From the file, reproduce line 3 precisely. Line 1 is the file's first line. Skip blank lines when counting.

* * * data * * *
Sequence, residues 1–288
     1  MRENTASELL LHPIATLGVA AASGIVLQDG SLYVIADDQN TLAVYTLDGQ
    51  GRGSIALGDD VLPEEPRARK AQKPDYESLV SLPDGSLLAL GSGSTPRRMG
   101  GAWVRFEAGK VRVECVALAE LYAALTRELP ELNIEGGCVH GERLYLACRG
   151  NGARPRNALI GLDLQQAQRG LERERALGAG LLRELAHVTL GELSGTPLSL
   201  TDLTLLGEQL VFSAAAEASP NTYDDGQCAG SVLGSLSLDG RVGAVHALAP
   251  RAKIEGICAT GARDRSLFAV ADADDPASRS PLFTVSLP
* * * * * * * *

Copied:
    51  GRGSIALGDD VLPEEPRARK AQKPDYESLV SLPDGSLLAL GSGSTPRRMG